10 February 2015
At the Ban de Gasperich development south of the capital, where the European Commission, PricewaterhouseCoopers and Deloitte are moving into complexes large enough to house their workforces, around 1,000 high-end apartments will be built in an effort to create a holistic work-life environment.
West of the city, in the affluent Belair neighborhood, a total of 100 new homes and 1,050 apartments will be built in two separate developments.
This follows approval by city officials to change the previous urban development plan, which restricted construction to ensure a green belt on the capital’s edge.
The new developments represent a significant expansion of housing stock in a city of just over 100,000 inhabitants. They also reflect the pressure of a constantly growing national workforce in which 165,000 “frontaliers” commute each day from neighboring Belgium, France and Germany.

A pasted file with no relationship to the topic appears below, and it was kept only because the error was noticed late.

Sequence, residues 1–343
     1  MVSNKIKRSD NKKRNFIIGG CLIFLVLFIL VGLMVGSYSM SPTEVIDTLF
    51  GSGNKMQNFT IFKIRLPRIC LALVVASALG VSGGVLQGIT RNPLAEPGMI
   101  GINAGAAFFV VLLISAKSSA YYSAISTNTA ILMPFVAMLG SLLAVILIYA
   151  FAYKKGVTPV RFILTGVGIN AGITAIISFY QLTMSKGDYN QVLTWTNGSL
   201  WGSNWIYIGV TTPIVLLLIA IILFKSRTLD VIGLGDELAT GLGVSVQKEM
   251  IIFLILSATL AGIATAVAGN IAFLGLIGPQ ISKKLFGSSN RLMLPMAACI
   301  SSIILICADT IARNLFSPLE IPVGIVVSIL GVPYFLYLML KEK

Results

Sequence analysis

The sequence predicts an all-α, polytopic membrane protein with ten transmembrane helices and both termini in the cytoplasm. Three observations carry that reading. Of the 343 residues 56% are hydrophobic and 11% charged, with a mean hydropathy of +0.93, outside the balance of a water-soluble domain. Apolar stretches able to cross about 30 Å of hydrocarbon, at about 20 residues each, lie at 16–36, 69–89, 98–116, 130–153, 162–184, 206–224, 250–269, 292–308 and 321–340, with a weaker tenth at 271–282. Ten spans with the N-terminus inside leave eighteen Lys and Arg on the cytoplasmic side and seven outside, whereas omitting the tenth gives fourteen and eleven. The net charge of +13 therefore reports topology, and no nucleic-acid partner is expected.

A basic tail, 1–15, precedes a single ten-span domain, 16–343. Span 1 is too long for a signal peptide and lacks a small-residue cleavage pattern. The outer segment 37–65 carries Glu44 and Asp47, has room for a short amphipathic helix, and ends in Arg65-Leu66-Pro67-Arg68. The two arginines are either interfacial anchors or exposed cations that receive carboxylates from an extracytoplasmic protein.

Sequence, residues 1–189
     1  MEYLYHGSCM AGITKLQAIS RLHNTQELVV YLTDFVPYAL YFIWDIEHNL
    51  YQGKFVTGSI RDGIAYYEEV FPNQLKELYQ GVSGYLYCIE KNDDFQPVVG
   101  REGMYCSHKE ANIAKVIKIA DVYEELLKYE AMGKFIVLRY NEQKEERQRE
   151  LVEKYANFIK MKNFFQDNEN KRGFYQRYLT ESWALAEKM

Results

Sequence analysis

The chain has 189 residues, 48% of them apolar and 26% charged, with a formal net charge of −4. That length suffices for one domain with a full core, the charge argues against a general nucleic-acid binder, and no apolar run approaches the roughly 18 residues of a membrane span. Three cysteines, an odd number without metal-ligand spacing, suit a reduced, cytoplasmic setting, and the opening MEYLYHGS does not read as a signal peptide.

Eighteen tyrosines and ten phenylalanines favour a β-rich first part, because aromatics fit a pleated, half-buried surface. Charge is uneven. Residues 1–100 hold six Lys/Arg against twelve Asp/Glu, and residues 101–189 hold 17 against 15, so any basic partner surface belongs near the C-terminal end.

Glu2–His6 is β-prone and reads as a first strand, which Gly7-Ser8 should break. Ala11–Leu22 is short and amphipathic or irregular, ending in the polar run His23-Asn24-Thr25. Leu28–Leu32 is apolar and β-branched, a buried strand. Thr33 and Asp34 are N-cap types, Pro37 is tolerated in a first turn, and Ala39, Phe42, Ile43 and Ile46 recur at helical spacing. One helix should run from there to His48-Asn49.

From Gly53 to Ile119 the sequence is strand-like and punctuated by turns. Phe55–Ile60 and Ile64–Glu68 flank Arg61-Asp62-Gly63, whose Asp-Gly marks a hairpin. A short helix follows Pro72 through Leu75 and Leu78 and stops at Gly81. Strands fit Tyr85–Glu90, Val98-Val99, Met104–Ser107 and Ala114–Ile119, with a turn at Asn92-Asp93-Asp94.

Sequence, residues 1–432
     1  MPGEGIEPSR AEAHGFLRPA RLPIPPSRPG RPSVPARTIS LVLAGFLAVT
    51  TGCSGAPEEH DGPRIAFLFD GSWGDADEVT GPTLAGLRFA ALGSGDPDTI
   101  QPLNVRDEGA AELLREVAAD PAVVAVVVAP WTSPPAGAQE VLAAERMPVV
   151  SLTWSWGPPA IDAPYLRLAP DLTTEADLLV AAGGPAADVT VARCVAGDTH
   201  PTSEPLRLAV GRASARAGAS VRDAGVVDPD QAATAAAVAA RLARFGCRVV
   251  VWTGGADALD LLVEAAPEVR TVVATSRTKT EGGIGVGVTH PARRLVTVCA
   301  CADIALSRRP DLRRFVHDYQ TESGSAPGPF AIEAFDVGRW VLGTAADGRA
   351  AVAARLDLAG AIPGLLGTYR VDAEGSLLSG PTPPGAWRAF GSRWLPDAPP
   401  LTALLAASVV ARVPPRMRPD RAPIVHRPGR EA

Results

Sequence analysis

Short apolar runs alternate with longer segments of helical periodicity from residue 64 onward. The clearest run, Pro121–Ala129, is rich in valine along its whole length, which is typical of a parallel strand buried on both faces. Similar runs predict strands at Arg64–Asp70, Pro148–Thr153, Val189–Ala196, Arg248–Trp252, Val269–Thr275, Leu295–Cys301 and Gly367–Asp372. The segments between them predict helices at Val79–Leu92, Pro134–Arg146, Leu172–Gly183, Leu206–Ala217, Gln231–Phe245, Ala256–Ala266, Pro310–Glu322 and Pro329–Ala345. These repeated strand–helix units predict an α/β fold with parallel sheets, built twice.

More non-Luxembourgers than nationals live within the city’s borders – just 31 percent of its population hold Luxembourg passports, including the growing number of dual nationals.
According to the national statistics office, the average price of existing houses in the Grand Duchy grew by 7% to €547,000 over the 12 months, ending September 31, 2014. In and around the capital, the average is €762,400, raising questions about affordability for thos not employed in high-wage sectors.
Even the addition of more than 2,000 new units over the coming years is unlikely to lower such prices, but it might just slow the rate of growth – temporarily.